Standing Stone: OS Grid Reference – NM 86681 03320
Also Known as:
- Achadh nan Carradh
- Canmore ID 22802
Unless you’re venturing down the tiny Loch Awe roads, the easiest way here is to turn right off the A816 Lochgilphead-Oban road, 1½ miles north of Kilmartin. Go along this winding minor road for literally 2½ miles where, after coming out the tree-lined road, just past the small Loch Ederline, the fields re-appear on both sides of the road. Just here, where the trees end, just a few hundred yards before the hamlet of Ford, in one of the field on the left, you’ll see a tall upright stone. That’s it!
Archaeology & History
I was very fortunate, many years ago, to live in the old farmhouse of Auchinellan in the trees by this ancient stone. It became a companion many a time, as I sat with it in rain and mist and darkness sometimes, beneath the bright Moon. It always had a good feeling about it. And so when a small bunch of us visited here again recently, it was almost as if I’d never been away. Tis a magickal part of our landscape.
Standing ten-foot-tall on a grassy plain with craggy hills all round, this old fella once had a companion close by its side—this time, a stone one! Accounts of it are curious to say the least, with one telling us it was only “a few inches high” – which is plain daft, to say the least. The now-lost stone was in fact about six-feet tall; and the story of its disappearance was that it was moved into the grounds of Auchinellan House, somewhere in the garden. Clive Ruggles (1984) told that it could be found at grid-reference NM 8653 0268, so it shouldn’t be too hard to find.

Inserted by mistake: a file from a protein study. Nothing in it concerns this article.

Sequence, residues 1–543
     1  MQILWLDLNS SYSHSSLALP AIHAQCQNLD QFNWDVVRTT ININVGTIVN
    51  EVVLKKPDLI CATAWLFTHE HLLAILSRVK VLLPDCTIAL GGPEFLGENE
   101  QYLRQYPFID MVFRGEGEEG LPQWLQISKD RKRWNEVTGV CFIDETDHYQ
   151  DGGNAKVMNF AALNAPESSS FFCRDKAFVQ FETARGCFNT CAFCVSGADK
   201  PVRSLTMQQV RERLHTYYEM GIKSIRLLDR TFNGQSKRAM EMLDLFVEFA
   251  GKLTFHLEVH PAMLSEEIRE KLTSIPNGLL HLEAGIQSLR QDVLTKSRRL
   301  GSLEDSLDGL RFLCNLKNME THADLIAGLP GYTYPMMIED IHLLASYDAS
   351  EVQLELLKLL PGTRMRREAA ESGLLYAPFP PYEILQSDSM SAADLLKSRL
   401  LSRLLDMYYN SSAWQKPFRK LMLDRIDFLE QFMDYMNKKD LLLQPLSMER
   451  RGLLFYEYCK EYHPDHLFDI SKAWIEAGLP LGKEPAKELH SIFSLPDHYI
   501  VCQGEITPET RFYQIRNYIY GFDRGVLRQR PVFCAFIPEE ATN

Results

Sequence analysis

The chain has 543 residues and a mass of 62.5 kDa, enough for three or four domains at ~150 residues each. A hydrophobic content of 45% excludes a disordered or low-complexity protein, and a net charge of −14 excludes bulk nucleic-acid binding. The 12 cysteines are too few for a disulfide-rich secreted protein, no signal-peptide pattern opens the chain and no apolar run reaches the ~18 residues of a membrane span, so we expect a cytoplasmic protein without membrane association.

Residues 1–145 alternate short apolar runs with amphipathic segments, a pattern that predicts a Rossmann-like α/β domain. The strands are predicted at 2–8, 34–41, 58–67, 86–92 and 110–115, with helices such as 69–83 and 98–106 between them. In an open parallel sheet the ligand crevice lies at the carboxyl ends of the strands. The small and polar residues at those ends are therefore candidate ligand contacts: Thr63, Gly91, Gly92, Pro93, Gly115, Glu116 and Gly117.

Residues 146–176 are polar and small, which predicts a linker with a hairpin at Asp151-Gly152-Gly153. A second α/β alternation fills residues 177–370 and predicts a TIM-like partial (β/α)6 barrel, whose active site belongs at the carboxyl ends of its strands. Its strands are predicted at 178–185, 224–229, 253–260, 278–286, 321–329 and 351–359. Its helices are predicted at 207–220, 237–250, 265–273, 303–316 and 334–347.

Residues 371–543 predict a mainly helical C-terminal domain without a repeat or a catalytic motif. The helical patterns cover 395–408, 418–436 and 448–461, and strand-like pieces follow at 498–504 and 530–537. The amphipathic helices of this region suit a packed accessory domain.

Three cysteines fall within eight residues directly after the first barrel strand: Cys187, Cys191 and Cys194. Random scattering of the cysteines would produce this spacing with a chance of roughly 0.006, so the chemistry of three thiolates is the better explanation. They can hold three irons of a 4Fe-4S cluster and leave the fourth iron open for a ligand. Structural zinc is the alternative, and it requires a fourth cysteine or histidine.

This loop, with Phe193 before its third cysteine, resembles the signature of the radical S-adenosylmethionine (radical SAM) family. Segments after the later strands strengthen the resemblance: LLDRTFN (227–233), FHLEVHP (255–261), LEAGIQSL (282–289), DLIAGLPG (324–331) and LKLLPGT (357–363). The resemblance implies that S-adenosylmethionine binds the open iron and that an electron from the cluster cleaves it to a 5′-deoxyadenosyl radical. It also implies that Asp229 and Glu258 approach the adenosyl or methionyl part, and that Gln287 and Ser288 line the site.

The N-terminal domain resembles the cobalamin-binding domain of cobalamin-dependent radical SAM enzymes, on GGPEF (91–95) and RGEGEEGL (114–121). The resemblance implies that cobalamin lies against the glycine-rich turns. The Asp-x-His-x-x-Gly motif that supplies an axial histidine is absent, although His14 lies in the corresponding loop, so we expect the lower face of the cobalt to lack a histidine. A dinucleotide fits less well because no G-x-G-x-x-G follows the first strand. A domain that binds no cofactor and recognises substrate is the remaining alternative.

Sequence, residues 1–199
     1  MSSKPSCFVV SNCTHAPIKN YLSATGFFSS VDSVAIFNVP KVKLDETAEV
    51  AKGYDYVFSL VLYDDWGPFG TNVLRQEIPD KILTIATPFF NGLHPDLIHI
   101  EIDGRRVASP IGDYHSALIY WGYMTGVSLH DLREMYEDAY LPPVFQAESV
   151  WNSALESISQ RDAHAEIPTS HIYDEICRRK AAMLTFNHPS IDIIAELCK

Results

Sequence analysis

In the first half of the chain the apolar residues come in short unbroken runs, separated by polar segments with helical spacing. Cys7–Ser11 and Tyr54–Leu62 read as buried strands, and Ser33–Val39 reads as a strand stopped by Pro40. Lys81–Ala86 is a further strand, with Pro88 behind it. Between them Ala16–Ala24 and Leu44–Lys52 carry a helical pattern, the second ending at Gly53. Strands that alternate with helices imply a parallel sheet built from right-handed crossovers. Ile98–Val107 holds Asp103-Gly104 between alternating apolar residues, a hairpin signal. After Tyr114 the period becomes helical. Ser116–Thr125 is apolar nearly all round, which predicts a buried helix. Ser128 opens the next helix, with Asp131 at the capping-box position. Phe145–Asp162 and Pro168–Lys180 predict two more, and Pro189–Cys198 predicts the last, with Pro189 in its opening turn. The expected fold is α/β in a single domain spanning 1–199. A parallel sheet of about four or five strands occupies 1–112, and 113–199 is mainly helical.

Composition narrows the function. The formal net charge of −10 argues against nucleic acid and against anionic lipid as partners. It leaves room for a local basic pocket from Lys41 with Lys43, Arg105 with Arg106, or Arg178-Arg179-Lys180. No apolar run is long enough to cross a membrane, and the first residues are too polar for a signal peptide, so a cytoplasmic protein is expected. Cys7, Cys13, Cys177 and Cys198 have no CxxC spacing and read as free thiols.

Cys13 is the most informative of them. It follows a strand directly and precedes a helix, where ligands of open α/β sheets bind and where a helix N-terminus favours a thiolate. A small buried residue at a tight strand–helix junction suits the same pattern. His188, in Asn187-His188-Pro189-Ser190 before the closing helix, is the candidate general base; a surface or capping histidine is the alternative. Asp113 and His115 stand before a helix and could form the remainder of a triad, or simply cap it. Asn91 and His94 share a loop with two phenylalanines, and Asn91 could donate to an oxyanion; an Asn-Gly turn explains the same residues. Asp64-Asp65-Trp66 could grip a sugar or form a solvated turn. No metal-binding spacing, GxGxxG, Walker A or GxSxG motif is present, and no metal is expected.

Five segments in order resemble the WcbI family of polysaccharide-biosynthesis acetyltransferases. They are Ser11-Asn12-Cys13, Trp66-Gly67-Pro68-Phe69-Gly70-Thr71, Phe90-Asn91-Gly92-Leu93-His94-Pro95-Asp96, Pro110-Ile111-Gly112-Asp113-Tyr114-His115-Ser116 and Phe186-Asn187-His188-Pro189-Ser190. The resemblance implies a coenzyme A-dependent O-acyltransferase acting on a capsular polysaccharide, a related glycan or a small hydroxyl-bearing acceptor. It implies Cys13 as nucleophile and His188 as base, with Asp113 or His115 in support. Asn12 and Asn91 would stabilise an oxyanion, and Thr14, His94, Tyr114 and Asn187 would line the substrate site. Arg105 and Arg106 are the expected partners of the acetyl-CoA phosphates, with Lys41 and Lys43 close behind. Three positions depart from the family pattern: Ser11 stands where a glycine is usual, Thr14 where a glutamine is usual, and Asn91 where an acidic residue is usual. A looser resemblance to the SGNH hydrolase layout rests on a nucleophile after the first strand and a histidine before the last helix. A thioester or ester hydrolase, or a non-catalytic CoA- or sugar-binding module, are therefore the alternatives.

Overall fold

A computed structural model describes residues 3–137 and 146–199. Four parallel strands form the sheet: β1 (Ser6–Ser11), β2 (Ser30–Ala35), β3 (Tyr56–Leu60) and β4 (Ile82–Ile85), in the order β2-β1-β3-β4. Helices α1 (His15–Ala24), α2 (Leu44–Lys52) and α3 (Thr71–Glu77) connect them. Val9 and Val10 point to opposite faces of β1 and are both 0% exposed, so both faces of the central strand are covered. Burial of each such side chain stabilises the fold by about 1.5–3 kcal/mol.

As far as I can tell, the first written testimony of this stone was by the Ordnance Survey lads after they’d visited here in 1871 and, several years later, highlighted it on their maps. (above) On this is clearly shown, just yards apart, the two standing stones. Much later, when the Royal Commission (1988) doods did their survey, they described the stone in their usual brief way:
“Situated on the top of a slight rise in a pasture field 270m SW of the Ford Hotel, there is a standing stone which measures 0.7m by 0.55m at the base and rises with straight sides to a flat top at a height of 3m…”
The site was included in Thom’s (1990) major survey on prehistoric stone rows where, again, only a brief description is given, saying:
“On a terrace near Loch Ederline is a standing stone which leans to the E. It is 9ft 6 (2.9m) high.”
It’s a beautiful place in a beautiful setting and is one of countless prehistoric monuments in this part of Scotland.
The Gaelic names for this site—Achnacarra and Achadh nan Carradh—means “the field of the burial stone”, which relates to the folklore of the stones reputedly marking the place of an ancient grave.
- Campbell, Marion, Mid Argyll – An Archaeological Guide, Dolphin: Glenrothes 1984.
- Campbell, Marion & Sandeman, M., “Mid Argyll: An Archaeological Survey,” in Proceedings Society of Antiquaries Scotland, volume 95, 1964.
- Royal Commission on the Ancient & Historical Monuments of Scotland, Argyll – Volume 6: Mid-Argyll and Cowal, HMSO: Edinburgh 1988.
- Ruggles, Clive L.N., Megalithic Astronomy, BAR: Oxford 1984.
- Thom, Alexander, Thom, A.S. & Burl, Aubrey, Stone Rows and Standing Stones – volume 1, BAR: Oxford 1990.
Acknowledgements: Big thanks to Neens Harris, Paul Hornby & Frank Mercer. And the stunning resource of Scotland’s 1st edition OS-maps is Reproduced with the kind permission of the National Library of Scotland.
- Auchinellan (Ford) Stone on The Megalithic Portal
© Paul Bennett, The Northern Antiquarian